Lawmakers to Fight Base Closures

Lawmakers' fight to keep their military bases is now on full throttle.

After the Defense Department on Friday announced its list of recommended base closures (search) and realignments, some lawmakers and other officials opposed the closings with vigor while others whose districts escaped nearly unscathed by the recommendations hailed the decisions.

For a complete list of the closures and realignments, click here (pdf).

"I am shocked by the Pentagon's decision this morning to target the sub base here in New London for closure," Sen. Joe Lieberman, D-Ct., said, referring to the Submarine Base New London. "It is wrong. It is shortsighted. And it is cruel and unusual punishment that Connecticut does not deserve and our national security cannot afford."

He added: "We pledge to fight tooth and nail to overturn this decision. Today is not the end of the road — not even the end of the beginning. We stand here, united, in our steadfast commitment to take the fight to the Base Closure and Realignment Commission and remove the sub base from the list."

Rep. Rosa DeLauro, D-Ct., told FOX News that the base's closing would be a huge blow to not only national security but the state's economy as well. She said the entire Constitution State's delegation will fight that closure.

But Rep. Edward Markey called the announcement that his district's Hanscom Air Force Base will gain 1,104 new military personal and only 19 of the 2,000-strong staff will be transferred from Natick Soldier Systems Center a "huge victory."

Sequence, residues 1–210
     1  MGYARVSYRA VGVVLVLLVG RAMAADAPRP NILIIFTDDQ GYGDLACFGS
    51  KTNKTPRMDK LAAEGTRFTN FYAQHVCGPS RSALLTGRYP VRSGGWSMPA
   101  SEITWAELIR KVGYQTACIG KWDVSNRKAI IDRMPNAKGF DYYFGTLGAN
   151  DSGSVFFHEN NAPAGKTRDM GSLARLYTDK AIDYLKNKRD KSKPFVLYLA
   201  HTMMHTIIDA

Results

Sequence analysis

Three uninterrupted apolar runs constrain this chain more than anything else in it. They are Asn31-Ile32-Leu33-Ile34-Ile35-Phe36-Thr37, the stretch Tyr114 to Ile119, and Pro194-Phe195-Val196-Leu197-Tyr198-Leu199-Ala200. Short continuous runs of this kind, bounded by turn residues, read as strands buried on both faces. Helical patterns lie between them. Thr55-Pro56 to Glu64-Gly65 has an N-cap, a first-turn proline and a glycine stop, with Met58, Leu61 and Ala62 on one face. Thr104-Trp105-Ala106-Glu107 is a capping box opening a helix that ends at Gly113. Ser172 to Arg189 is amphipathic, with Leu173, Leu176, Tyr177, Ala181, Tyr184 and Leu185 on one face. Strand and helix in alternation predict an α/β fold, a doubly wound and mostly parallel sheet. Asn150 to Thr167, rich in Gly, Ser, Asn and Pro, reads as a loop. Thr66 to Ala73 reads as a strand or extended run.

"We are pleased that the Pentagon has recognized the extraordinary military value of Natick and Hanscom," Markey said. "Today’s decision will allow Natick and Hanscom to continue to put Massachusetts at the forefront of our proud tradition of protecting the United States of America."

The Pentagon on Friday released its list of recommendations for those military bases and other installations they want to see closed or realigned in some way in order to save about $48 billion over the next 20 years. It proposed shutting about 180 military installations, including 33 major bases. Another 29 major bases can remain open but with thousands fewer troops. More than 775 other smaller military installations, including National Guard and Reserve facilities, will also be closed or realigned, according to the recommendations.

The Pentagon's plan would result in a net loss of 29,005 military and civilian jobs at domestic installations. Overall, it's proposed that 218,570 military and civilian positions be pulled out of some U.S. bases while 189,565 positions are added to others. The closures and downsizings would occur over six years starting in 2006.

The Pentagon's recommendations must be approved by a nine-member commission called the Base Realignment and Closure (search) (BRAC) commission that will review them, travel to those installations and discuss the potential closings with community members.

Lawmakers likely will lobby the BRAC commission in an effort to keep some of their districts' bases open. In the end, the BRAC list must be approved by President Bush. The entire process likely will run into the fall.

Travesty or Blessing?

One major closure Rumsfeld seeks is Ellsworth Air Force Base in South Dakota, home to 29 B-1B bombers, half the nation's fleet of the aircraft, and the state's second-largest employer.